The squadron received the Air Force's flying safety award in 1963. In 1966, it dropped supplies to snowbound civilians following a blizzard.[2]

In 1969 Headquarters Command replaced the 1001st, which was a MAJCON (four-digit) unit and could not continue its history, with a unit controlled by Headquarters, USAF, which could continue its history.[5] The conversion was one of unit category and number only and the new squadron would continue the mission and assume the manning and resources of the discontinuing 1001st. The new squadron was entitled to all the awards earned by the 1001st, but not its lineage.[6][note 4]

New squadron assumes helicopter airlift mission[edit]

Since activation in 1969 the 1st Helicopter Squadron has provided local airlift for the Executive Department, high-ranking dignitaries, and distinguished visitors, as well as support for emergency evacuation of key government officials, search and rescue, and emergency medical evacuation.[1] The squadron maintains a helicopter on alert for short notice mission assignments.[2]

In January 1983 Air Florida Flight 90 crashed into the 14th Street bridge during a blizzard. The squadron participated in the following relief efforts despite the unfavourable weather conditions at the time.[2]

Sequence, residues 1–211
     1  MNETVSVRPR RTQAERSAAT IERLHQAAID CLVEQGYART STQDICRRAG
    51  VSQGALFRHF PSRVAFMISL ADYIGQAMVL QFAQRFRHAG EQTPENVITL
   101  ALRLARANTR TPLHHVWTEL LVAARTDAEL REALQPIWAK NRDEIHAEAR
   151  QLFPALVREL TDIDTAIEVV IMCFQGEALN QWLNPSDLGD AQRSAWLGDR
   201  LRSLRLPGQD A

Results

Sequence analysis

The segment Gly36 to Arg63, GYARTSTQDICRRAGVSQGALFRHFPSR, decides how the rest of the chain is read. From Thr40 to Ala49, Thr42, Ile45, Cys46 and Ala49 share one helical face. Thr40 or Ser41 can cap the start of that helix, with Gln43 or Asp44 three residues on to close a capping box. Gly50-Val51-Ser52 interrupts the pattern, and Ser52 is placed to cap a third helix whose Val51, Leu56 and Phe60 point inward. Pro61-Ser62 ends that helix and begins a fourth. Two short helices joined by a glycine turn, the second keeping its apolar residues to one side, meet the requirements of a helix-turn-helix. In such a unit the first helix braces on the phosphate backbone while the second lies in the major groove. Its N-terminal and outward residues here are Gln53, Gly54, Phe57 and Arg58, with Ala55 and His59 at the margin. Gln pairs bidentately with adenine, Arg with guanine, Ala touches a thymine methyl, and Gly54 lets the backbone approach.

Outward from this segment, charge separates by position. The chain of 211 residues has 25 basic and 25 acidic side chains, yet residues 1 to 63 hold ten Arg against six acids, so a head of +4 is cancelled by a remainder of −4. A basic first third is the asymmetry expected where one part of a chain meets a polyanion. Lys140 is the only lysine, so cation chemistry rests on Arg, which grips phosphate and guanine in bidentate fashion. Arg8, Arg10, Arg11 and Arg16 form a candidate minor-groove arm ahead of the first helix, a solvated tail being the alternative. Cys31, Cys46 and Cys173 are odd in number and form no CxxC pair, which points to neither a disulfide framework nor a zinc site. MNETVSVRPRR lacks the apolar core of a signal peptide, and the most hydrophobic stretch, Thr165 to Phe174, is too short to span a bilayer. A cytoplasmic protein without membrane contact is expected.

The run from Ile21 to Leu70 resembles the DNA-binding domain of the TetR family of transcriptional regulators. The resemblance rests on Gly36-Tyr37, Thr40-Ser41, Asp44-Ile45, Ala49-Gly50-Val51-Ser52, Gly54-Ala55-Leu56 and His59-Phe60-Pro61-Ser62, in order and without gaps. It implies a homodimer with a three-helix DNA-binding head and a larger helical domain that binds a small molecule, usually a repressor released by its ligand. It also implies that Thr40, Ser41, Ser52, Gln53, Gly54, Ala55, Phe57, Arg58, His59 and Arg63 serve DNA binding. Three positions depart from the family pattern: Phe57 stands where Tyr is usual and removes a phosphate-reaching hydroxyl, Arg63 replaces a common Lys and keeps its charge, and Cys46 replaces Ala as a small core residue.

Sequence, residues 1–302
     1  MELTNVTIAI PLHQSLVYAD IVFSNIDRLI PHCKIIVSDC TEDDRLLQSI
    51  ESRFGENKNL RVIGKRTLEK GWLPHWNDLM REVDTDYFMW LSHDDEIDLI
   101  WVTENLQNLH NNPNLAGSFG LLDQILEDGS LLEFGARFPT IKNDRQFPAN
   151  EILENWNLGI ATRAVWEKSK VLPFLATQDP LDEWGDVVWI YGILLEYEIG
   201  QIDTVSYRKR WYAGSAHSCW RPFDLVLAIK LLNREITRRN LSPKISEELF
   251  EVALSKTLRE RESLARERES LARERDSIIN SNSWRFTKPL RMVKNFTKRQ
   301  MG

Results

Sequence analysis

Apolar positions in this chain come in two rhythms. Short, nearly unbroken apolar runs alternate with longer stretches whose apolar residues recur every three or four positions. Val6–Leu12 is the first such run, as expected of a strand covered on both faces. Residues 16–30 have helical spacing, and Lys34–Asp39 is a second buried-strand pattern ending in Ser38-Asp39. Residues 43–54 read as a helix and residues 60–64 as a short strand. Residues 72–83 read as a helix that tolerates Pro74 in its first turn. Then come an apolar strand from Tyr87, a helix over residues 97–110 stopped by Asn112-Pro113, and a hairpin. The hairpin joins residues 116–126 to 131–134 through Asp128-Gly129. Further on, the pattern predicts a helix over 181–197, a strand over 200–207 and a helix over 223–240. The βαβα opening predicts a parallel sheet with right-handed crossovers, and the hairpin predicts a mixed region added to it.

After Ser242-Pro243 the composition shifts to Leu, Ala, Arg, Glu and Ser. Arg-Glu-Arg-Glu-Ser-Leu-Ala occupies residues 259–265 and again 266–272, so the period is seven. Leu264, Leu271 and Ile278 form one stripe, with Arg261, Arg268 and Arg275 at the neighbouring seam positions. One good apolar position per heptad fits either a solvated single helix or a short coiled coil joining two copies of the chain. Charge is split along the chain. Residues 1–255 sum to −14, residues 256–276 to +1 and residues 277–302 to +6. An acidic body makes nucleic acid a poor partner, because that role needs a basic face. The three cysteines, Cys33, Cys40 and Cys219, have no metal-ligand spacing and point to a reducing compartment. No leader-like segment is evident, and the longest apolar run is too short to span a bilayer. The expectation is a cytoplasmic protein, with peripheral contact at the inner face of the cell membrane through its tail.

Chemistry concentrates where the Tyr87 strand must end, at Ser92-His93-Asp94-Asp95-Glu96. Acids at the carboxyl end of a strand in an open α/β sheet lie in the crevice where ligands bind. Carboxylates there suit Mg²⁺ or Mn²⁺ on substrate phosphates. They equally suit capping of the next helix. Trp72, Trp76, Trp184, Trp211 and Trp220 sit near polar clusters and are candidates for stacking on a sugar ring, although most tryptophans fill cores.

Currently the squadron operates Bell UH-1N Twin Huey helicopters acquired in the early 1970s.[2] Air Force Space Command also operates the UH-1N and has proposed the Common Vertical Lift Support Platform (CVLSP) program to seek a replacement to their UH-1Ns.[7] On June 7, 2022 it was announced that Joint Base Andrews will be the fourth base to the host the new AgustaWestland MH-139 Grey Wolf which replaces the UH-1N.[8]


1st Fighter Squadron
  • Constituted as the 1st Fighter Reconnaissance Squadron on 11 April 1944
Activated on 20 April 1944
Redesignated 1st Fighter Squadron, Commando on 2 June 1944
Inactivated on 12 November 1945
Disbanded on 8 October 1948
Reconstituted and consolidated with the 1st Helicopter Squadron as the 1st Helicopter Squadron on 19 September 1985[1]
1st Helicopter Squadron
  • Constituted as the 1st Helicopter Squadron on 9 May 1969
Activated on 1 July 1969
Consolidated with the 1st Fighter Squadron on 19 September 1985[1]




1001st Helicopter Squadron[edit]